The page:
RvE1 increased cell migration through EGFR phosphorylation. (A) Western blot analysis showed EGFR phosphorylation to be induced by exposure to RvE1 (0.1 μM) up to 60 minutes. Inhibition of EGFR activation by preexposure to AG1478 (1 μM) suppressed EGFR activation by RvE1. Typical results are shown from experiments performed in triplicate. (B) RvE1 stimulated EGFR phosphorylation in a time-dependent manner. Data are expressed as mean ± SEM (n = 3). (C) After scratch wound, HCECs were exposed to 10 ng/mL EGF or RvE1 (0.1 μM) for 24 hours with and without exposure to AG1478 (1 μM; n = 3).
Figure 5.
 
RvE1 increased cell migration through EGFR phosphorylation. (A) Western blot analysis showed EGFR phosphorylation to be induced by exposure to RvE1 (0.1 μM) up to 60 minutes. Inhibition of EGFR activation by preexposure to AG1478 (1 μM) suppressed EGFR activation by RvE1. Typical results are shown from experiments performed in triplicate. (B) RvE1 stimulated EGFR phosphorylation in a time-dependent manner. Data are expressed as mean ± SEM (n = 3). (C) After scratch wound, HCECs were exposed to 10 ng/mL EGF or RvE1 (0.1 μM) for 24 hours with and without exposure to AG1478 (1 μM; n = 3).
Figure 6.
 
Dependence of RvE1-induced EGFR transactivation on shedding of HB-EGF. (A) Growth factor–starved cells were exposed to 0.1 μM RvE1 for 5 minutes with and without preexposure to GM6001 (50 μM) or CRM197 (10 μg/mL) for 30 minutes. Cells were lysed at the end of stimulation, and equal amounts of cell lysate were immunoblotted by antibodies against phosphorylated Akt (pAkt) or phosphorylated EGFR (pEGFR; Tyr1068). The same cell lysates were subjected to Western blot analysis with anti-Akt or IgG to assess protein loading equivalence. (B) Scratch-wound healing kinetics were assessed under the same conditions. Changes in the extent of wound closure are shown as ratios compared with untreated control. HB-EGF (50 ng/mL) reversed the inhibitory effect of CRM197 on increases in cell migration induced by RvE1 (n = 3).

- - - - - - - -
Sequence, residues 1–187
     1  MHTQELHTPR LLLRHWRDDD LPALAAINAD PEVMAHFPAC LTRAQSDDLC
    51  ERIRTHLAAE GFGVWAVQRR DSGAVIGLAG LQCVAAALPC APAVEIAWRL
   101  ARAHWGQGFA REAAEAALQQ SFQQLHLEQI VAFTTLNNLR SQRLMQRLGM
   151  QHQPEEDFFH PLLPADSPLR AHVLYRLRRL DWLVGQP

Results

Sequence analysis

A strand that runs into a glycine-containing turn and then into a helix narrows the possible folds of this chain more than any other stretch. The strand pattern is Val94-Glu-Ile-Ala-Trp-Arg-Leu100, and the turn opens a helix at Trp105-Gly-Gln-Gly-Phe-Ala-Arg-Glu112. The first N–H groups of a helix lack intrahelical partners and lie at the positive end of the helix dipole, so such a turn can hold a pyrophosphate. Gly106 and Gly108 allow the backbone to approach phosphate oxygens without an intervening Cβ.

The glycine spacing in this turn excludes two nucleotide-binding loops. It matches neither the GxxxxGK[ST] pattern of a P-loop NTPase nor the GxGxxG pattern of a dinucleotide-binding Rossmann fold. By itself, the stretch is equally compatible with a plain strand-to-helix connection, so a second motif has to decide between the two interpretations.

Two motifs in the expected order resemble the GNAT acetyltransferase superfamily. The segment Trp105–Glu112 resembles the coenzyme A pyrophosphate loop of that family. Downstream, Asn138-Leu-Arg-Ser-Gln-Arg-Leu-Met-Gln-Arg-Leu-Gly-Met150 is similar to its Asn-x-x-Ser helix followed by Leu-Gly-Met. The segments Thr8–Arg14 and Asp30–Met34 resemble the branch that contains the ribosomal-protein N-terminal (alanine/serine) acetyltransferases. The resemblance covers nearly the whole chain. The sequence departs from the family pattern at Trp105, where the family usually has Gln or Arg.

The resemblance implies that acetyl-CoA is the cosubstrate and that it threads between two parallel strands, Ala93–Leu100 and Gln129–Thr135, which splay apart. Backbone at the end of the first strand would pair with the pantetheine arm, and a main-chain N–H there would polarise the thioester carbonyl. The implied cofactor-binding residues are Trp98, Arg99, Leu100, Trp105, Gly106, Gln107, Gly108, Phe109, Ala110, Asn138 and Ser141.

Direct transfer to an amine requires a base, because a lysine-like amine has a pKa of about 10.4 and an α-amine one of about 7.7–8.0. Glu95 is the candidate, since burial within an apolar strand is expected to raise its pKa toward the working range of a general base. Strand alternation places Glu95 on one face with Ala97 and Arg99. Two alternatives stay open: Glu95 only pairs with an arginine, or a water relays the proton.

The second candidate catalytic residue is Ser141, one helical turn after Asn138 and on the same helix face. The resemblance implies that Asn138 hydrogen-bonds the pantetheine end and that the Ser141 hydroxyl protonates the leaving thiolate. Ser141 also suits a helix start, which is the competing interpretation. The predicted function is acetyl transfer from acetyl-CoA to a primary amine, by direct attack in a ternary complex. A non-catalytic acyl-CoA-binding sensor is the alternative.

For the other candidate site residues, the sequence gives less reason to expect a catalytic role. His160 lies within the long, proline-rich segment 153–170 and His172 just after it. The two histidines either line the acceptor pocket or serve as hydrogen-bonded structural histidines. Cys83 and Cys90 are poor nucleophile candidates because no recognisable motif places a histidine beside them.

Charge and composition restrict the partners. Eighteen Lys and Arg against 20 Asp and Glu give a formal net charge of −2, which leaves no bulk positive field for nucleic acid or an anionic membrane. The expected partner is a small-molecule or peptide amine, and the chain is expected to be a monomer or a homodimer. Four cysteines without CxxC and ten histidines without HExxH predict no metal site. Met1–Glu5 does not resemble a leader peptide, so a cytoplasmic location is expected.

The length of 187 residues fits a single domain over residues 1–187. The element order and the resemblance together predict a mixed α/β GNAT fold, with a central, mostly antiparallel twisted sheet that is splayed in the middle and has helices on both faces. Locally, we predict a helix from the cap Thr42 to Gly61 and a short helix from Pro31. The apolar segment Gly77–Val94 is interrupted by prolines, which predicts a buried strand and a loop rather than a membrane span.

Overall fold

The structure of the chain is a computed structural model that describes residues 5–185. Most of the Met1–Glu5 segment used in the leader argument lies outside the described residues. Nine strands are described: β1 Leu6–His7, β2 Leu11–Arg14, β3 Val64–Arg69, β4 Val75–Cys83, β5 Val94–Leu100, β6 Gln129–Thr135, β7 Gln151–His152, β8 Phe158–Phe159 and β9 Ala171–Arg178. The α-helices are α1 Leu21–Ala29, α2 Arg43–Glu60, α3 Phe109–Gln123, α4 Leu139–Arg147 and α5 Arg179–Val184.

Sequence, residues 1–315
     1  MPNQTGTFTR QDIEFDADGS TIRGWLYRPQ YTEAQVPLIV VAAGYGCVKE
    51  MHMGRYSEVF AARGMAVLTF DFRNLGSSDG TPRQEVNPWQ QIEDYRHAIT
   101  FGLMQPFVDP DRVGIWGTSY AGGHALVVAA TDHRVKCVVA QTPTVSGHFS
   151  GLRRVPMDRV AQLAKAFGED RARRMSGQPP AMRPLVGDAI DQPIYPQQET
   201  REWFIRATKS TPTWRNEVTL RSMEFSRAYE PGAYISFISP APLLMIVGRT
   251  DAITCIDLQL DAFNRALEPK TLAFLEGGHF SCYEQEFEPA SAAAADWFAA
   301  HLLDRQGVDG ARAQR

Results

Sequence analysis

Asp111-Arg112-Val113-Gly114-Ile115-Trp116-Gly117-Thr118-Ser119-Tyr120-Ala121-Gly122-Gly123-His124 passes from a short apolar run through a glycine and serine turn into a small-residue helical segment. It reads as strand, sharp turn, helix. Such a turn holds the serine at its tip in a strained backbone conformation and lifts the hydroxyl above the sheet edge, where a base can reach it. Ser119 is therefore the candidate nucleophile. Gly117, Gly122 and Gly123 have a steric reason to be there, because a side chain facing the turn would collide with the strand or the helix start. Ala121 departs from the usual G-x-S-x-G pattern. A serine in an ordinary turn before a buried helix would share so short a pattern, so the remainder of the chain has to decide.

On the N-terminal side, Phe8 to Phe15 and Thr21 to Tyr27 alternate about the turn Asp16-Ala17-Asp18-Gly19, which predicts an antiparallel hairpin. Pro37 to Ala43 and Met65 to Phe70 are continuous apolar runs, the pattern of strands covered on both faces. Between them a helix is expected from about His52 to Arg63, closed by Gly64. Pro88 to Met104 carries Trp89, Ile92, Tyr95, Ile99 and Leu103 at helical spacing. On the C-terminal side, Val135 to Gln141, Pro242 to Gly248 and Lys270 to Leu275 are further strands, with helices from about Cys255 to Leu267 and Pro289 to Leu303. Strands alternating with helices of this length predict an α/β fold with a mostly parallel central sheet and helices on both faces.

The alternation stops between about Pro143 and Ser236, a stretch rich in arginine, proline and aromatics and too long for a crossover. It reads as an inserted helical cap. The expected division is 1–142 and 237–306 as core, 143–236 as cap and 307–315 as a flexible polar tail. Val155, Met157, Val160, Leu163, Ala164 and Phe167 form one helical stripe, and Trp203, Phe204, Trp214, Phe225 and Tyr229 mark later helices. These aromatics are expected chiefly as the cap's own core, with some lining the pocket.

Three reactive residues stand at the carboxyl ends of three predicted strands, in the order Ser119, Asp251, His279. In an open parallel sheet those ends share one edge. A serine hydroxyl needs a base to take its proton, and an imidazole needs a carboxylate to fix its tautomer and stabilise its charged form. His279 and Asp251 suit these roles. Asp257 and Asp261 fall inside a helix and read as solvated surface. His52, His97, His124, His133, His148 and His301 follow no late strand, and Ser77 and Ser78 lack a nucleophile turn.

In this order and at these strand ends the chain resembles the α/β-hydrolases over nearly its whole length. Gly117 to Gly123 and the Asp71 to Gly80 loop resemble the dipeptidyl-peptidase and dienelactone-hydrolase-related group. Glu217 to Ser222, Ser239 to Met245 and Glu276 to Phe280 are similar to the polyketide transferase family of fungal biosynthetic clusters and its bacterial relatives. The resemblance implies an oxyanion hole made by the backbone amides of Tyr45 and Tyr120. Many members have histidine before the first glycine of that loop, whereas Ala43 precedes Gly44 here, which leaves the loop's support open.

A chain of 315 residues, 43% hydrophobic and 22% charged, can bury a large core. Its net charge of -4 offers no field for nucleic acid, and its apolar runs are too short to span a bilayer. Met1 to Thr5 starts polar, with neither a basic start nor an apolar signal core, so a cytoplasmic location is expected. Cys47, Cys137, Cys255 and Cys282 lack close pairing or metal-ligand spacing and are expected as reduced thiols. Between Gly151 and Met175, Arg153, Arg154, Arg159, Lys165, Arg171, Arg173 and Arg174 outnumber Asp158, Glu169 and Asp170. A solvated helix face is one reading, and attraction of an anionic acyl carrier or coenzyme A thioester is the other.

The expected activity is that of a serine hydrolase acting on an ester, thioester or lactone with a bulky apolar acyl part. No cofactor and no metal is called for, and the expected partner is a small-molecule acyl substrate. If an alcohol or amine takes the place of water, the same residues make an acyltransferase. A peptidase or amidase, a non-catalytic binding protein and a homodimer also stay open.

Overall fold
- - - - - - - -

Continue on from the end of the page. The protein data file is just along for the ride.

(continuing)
Figure 6.
 
Dependence of RvE1-induced EGFR transactivation on shedding of HB-EGF. (A) Growth factor–starved cells were exposed to 0.1 μM RvE1 for 5 minutes with and without preexposure to GM6001 (50 μM) or CRM197 (10 μg/mL) for 30 minutes. Cells were lysed at the end of stimulation, and equal amounts of cell lysate were immunoblotted by antibodies against phosphorylated Akt (pAkt) or phosphorylated EGFR (pEGFR; Tyr1068). The same cell lysates were subjected to Western blot analysis with anti-Akt or IgG to assess protein loading equivalence. (B) Scratch-wound healing kinetics were assessed under the same conditions. Changes in the extent of wound closure are shown as ratios compared with untreated control. HB-EGF (50 ng/mL) reversed the inhibitory effect of CRM197 on increases in cell migration induced by RvE1 (n = 3).